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Wednesday, 1 May 2019

This Month in Your Garden - May

'Every spring is the only spring - a perpetual astonishment'. -  Ellis Peters 


All the careful planning, neat planting and border tidying and there’s always some plant, some flower, pops up to astonish us. Now where did you come from? May is always full of surprises and with the frosts passed we can sow and plant more to delight the eye in the months to come. Early bulbs have gone over so we may be thinking about lifting them if they are overcrowded.

You don’t want to cut off the leaves because the bulb needs to absorb and store the energy they give as they die back. The leaves should be left for six weeks before cutting so if it’s not practical to lift the bulbs then better to leave them where they are and let them die back naturally. Give them a liquid fertiliser feed. Alternatively they could be heeled in by digging a shallow trench and placing the bulbs with the leaves exposed when you cover them with soil.

Later, you can lift and store until you’re ready to plant them again in the autumn. Now is a good time to start propagating by taking softwood cuttings. You can increase your plant stock and save money into the bargain, as you can by dividing spring flowering plants for next year’s display. You’ll know when it is warm enough to plant out your summer bedding, usually towards the end of the month after the danger of late frost has passed.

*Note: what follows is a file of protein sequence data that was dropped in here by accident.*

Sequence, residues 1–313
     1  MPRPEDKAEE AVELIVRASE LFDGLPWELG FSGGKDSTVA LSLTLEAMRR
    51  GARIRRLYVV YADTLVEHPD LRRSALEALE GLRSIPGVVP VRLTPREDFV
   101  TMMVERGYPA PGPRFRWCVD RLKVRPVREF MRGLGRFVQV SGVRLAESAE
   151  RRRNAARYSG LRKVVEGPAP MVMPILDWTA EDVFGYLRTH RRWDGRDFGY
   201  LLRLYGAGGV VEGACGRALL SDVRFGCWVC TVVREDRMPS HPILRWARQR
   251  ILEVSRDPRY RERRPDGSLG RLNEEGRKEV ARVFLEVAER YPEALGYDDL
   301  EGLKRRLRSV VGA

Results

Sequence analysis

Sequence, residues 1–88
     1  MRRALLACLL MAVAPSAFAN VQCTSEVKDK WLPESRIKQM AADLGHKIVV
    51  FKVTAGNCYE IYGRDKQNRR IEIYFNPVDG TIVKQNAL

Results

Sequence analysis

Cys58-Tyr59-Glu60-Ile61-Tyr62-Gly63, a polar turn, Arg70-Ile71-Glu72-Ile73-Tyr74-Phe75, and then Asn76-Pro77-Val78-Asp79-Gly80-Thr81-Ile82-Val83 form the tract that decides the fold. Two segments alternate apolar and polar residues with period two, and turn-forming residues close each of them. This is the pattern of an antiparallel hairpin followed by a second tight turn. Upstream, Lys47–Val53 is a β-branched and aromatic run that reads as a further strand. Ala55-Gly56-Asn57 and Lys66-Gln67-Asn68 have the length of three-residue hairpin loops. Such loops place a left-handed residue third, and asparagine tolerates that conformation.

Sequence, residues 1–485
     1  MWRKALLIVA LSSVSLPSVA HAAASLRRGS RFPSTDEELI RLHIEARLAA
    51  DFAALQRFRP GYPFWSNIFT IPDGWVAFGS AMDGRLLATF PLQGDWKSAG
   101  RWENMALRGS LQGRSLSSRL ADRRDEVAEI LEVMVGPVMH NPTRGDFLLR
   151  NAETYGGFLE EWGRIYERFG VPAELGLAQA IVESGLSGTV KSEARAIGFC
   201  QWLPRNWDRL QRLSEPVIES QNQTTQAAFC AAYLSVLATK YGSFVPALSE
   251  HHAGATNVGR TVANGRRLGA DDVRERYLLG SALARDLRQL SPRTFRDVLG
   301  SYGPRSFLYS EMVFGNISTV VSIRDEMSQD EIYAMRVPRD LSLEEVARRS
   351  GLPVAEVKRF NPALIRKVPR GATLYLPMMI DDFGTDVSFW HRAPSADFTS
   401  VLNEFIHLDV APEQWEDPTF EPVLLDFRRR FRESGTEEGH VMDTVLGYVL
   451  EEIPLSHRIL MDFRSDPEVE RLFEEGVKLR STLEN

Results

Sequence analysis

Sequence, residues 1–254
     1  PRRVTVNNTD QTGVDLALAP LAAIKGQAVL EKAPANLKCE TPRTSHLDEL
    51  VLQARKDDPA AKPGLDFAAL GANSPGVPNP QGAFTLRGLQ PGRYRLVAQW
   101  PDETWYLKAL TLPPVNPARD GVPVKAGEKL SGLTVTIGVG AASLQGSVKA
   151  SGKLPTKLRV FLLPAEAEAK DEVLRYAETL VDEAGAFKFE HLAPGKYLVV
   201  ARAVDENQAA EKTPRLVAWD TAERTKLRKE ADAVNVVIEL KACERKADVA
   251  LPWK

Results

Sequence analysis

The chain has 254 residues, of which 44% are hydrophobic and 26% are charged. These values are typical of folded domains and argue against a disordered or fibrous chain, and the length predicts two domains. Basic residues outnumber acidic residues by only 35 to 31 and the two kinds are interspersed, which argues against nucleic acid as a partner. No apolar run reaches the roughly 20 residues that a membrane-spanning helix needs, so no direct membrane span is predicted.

Meanwhile you can be hardening off plants raised from seeds and cuttings and if you have some shady areas in need of livening up, plant busy Lizzies, begonias, lobelia, mimulus and Senecio cineraria. Tie in your sweet peas and check climbing plant supports. Take a break with a cup of tea and enjoy the sights and smells of your garden in May.

  • Watch out for greenfly on roses and spray where necessary
  • Plant out hardy annuals raised under glass
  • Hoe those weeds
  • Open greenhouse vents and doors and let the air through
  • Plant out cannas and dahlias
  • Keep hanging baskets, tubs and containers well-watered
  • Take softwood cuttings of fuschias and other tender perennials
  • Thin out direct sowings of hardy annuals 







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